How to measure the efficiency of your PPC campaigns

Focusing on organic search engine optimization (SEO) strategies is a noble pursuit. This lone tactic can’t bring you the desired results you are looking for without adding the powerful reach of pay-per-click (PPC) campaigns into the mix. PPC is a digital marketing tactic where you pay a fee for each ad click and it’s important to measure the efficiency of your PPC campaigns. If you just spew out campaign after campaign without giving them a second glance to see how you can improve your results, you’re likely wasting your time, energy, and of course, your financial resources.

Measuring the efficiency of your PPC campaigns

To measure the efficiency of your PPC campaigns, you need to define the key performance indicators (KPIs) that determine their success and then adapt the following campaigns accordingly.

Measuring the efficiency of your PPC efforts is a big part of your SEO success for the long haul. To help you adapt your paid ads, reach more people, and of course, build up the return on investment (ROI) of your PPC campaigns, we’ve compiled a list of five effective steps you can take to make this happen. These tips can help you amplify the impact of your PPC efforts and elevate your brand visibility and reputation.

1. Landing pages should match your ads

Many digital marketers devote all of their attention to crafting stellar ad copy and design. This is justifiably so. However, that’s only part of the equation. If the PPC ad is spotless, your landing pages where your ads lead to will also need to be appealing. They need to be in line with your campaign goals. If they fail to meet or exceed customer expectations, you’ll most likely lose on conversions not because of the ad itself but because of a poorly designed landing page.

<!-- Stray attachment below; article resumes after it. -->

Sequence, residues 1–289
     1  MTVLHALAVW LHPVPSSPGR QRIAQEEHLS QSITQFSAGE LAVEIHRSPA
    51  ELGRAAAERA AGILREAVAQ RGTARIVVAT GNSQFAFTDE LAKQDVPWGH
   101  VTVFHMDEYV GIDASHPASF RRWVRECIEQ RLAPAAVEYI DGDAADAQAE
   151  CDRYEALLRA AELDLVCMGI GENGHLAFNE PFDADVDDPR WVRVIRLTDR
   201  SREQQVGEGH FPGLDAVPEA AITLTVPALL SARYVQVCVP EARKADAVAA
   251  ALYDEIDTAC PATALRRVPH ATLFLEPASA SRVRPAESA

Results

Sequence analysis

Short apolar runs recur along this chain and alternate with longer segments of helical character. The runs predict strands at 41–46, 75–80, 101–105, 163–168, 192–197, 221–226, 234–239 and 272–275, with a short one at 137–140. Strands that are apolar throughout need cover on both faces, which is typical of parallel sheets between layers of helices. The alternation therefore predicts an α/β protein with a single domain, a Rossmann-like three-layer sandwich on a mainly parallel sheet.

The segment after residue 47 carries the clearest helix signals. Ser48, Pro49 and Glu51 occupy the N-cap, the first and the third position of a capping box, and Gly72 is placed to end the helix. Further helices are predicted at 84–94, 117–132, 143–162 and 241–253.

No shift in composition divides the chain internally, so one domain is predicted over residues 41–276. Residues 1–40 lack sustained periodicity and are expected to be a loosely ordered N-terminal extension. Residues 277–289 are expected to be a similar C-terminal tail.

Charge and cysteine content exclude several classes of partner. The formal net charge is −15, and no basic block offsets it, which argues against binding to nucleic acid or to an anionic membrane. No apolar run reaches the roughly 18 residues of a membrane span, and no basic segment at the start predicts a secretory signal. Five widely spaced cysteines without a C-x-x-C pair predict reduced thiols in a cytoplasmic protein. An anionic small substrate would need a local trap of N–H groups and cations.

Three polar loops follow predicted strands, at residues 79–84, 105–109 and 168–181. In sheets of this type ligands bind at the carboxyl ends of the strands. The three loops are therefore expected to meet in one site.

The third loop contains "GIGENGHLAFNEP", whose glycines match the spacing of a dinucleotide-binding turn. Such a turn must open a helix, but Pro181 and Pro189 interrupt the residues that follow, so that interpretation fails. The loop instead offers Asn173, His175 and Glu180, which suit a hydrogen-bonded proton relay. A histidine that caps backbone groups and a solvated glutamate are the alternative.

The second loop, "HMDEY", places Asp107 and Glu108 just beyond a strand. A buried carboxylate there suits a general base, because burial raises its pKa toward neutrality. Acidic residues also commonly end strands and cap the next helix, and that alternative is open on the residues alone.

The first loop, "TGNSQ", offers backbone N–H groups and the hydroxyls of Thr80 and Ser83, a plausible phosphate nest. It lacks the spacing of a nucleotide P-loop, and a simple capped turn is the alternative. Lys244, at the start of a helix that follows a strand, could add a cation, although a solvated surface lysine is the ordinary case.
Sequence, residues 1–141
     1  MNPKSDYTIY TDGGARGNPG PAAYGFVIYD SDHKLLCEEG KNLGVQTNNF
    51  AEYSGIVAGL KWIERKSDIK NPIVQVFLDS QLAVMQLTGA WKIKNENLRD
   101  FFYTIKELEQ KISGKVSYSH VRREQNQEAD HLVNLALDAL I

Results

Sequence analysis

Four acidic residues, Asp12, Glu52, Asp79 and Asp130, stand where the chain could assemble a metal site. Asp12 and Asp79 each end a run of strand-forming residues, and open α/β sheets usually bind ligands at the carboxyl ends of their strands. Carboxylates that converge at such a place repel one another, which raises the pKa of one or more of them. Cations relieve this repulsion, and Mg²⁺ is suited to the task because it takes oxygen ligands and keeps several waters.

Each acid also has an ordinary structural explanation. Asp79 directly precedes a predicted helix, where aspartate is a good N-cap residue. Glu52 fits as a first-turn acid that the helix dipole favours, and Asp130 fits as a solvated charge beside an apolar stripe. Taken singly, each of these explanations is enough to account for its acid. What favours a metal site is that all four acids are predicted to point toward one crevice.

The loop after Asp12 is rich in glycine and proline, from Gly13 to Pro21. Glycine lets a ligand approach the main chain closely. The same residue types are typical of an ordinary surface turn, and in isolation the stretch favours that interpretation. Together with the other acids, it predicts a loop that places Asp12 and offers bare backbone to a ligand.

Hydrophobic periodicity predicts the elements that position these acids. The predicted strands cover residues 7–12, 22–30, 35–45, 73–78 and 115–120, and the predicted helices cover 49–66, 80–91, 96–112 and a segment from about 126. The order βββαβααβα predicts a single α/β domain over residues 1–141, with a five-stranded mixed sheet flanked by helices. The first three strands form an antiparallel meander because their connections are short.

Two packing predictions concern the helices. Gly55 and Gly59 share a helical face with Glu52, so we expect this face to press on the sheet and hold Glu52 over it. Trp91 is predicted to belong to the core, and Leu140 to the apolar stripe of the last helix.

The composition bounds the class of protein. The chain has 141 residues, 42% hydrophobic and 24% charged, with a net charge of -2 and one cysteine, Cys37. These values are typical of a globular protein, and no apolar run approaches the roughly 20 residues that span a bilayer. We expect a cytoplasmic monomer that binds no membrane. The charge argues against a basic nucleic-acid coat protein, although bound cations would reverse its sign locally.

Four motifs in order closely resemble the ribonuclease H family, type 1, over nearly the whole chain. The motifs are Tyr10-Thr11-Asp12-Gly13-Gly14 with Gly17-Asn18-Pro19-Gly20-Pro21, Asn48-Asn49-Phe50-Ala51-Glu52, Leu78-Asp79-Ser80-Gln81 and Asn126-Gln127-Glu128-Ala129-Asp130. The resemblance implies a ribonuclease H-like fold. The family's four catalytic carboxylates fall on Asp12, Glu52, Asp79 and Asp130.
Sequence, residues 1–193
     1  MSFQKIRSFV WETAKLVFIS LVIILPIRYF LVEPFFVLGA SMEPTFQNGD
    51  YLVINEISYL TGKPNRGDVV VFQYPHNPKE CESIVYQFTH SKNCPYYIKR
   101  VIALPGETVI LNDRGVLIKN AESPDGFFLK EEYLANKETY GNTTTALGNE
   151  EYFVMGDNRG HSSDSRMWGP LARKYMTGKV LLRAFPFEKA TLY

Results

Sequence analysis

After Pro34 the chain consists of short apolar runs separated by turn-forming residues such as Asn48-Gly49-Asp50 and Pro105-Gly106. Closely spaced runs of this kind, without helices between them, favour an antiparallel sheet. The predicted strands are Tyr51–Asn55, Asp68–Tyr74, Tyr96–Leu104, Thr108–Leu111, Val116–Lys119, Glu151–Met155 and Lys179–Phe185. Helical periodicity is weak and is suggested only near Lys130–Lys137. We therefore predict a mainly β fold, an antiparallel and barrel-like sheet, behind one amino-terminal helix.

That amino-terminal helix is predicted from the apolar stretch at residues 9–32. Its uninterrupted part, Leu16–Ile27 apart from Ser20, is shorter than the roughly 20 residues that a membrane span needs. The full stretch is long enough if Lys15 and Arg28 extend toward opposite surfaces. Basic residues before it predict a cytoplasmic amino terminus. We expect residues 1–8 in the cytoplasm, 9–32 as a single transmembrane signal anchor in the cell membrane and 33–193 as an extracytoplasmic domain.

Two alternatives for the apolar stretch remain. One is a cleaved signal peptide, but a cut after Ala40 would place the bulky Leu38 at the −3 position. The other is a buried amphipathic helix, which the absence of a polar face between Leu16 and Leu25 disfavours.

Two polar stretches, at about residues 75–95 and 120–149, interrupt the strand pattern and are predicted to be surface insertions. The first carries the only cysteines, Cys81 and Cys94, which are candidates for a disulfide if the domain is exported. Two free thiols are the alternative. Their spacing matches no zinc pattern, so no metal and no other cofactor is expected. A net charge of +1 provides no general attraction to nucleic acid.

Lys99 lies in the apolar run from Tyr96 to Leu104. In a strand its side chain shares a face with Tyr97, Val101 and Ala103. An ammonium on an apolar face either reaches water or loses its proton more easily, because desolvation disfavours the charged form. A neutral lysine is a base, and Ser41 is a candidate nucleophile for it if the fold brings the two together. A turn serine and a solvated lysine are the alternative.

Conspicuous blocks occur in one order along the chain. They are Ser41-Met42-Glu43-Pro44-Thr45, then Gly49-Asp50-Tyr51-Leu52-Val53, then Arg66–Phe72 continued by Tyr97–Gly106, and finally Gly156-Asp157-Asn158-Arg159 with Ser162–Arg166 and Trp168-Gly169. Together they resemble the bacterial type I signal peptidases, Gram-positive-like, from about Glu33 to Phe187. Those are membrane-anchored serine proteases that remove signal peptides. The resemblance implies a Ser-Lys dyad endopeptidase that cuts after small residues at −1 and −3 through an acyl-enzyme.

For starters, make sure that the headline and products presented on the landing page perfectly match the items you promote in the ad itself. The copy on the landing page should naturally expand on the ad. It should help customers understand what you want them to do by providing a clear call to action (CTA).

2. Decide on your core metrics

You cannot possibly know the value of your ads and their issues if you don’t determine your most vital KPIs beforehand. For example, you should consider these as some of your core metrics.

  • Conversion rates. Always keep an eye on the conversion rate of your ads. It allows you to decide if the ad spend is justified when you calculate the actual leads and purchases you gain from each campaign. You can focus on more than just the financial gain for that particular ad, so you can look into visits, purchases, CTR, and other metrics to understand your conversions.
  • ROI. This is one of the most sensible metrics to keep in mind.
  • Cost per conversion. See if you put more money into a single ad than the sum it has the potential to generate. If that’s the case, you’ll need to make some changes, since the goal should be to earn more than you invest for each ad.

3. Simplify analytics and reporting with automation